Enter the ISBN into their search engine: 81-7018-931-4, including hyphens. It does not seem to respond to the author or title.


 A good article on Vedic mathematics can be seen at:  http://www.pims.math.ca/pi/ (click on Vedic Mathematics – you will need Acrobat Reader). The Author, Jeganathan Sriskandarajah, is an instructor at Madison Area Technical College, Wisconsin, USA, where he recently organised the first annual “Pi Day”.


 The Cosmic Calculator course is due to be reprinted soon. If you are aware of any corrections that need to be made to this or have any suggestions for improvement please email Kenneth Williams at .


 Mala Nataraj whose research was featured in newsletter 30 has had approval to conduct research into Vedic Mathematics multiplication methods for a paper for next semester.


 The Jains of India had their own method of mathematics. If you know anything about their system or can advise where to find out please let us know at or Vipul Kocher at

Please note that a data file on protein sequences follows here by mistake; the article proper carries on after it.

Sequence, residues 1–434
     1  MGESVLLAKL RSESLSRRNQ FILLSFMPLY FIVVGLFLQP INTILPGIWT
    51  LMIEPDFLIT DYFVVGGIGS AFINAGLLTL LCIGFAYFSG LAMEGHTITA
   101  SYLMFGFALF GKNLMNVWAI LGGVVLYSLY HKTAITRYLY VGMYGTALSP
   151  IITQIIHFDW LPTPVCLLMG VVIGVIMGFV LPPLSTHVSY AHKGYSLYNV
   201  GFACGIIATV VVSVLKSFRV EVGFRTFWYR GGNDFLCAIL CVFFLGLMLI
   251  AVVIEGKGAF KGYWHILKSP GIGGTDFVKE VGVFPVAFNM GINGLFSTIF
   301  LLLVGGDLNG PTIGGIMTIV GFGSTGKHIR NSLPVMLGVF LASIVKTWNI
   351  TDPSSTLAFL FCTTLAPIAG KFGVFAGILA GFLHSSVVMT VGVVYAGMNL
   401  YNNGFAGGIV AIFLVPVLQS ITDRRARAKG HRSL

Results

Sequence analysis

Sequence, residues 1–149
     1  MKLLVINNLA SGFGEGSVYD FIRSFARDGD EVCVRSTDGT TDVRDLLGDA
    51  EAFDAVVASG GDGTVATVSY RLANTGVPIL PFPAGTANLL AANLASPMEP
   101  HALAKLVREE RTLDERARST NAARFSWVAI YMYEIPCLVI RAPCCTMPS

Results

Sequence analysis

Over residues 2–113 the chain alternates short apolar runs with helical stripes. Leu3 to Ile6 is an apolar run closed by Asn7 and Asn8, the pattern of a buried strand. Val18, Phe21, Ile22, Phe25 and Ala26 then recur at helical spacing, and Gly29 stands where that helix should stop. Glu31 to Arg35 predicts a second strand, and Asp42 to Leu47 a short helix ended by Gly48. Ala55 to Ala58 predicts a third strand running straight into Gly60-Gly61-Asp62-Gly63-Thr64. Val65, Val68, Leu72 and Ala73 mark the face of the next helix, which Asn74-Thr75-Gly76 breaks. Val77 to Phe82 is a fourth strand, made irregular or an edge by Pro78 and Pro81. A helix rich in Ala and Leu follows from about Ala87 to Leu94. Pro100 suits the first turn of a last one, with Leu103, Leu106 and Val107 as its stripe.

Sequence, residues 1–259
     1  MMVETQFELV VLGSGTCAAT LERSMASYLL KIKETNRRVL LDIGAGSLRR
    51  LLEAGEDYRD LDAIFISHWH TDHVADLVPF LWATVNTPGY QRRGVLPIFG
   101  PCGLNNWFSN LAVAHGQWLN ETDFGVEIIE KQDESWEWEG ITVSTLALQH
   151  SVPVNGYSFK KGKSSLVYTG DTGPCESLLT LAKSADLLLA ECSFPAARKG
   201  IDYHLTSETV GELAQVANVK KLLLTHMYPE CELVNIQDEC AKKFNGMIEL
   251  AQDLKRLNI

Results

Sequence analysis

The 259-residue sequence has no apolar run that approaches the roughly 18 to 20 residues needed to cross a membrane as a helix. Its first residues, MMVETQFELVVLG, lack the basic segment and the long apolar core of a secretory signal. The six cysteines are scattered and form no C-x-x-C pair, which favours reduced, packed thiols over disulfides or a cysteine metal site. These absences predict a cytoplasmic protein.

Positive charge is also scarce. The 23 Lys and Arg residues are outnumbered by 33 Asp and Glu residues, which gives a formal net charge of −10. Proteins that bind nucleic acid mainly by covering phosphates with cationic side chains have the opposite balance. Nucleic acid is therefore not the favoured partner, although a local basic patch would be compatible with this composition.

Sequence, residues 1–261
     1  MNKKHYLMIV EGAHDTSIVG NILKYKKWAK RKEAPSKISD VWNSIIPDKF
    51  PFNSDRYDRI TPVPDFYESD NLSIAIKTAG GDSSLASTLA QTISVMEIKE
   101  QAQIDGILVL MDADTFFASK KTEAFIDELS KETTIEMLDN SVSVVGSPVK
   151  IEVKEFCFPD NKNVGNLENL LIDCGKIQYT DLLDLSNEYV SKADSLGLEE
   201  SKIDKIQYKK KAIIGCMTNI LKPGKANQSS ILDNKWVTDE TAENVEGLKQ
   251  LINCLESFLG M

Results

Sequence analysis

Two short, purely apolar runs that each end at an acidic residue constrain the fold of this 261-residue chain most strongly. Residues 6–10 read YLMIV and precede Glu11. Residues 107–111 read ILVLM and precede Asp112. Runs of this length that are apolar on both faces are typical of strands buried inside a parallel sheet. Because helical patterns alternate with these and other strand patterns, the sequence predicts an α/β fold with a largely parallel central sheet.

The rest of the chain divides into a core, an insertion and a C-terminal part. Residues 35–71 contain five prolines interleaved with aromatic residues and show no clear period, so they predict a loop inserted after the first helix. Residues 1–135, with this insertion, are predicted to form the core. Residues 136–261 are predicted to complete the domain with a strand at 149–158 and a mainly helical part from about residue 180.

Postage is now free at www.vedicmaths.com for buyers of Vedic maths books in the UK.



I’m a student studying in The International School, Bangalore. I approach you with a certain question that I hope you would be able to answer. I m doing the international baccalaureate program where I m subjected to write an essay on a research topic so as to fulfil the program requirements.

My topic for the essay is "Should school incorporate Vedic mathematics as a mandatory aspect of the curricula or should it just be kept as a subsequent option?" so as to give an idea of what I would be asking. Firstly, I would like to get your feed back on what is so prominent about Vedic Mathematics that makes it so profound for logical reasoning? Secondly, is it true that one of the cons in Vedic mathematics is that it lacks in proving its nature, for which conventional mathematics is a much more reliable source? Thirdly, I would like to know your 'frank' view in promoting Vedic mathematics in Schools and other institutions.


The Vedic system as I understand it is based on sixteen sutras which sutras describe natural functions of the mind; sixteen ways in which the mind naturally operates. Mathematical constructs are mental entities, they are constructed by the mind, so a system based on these natural mental functions is bound to be the most efficient and most pleasant to us.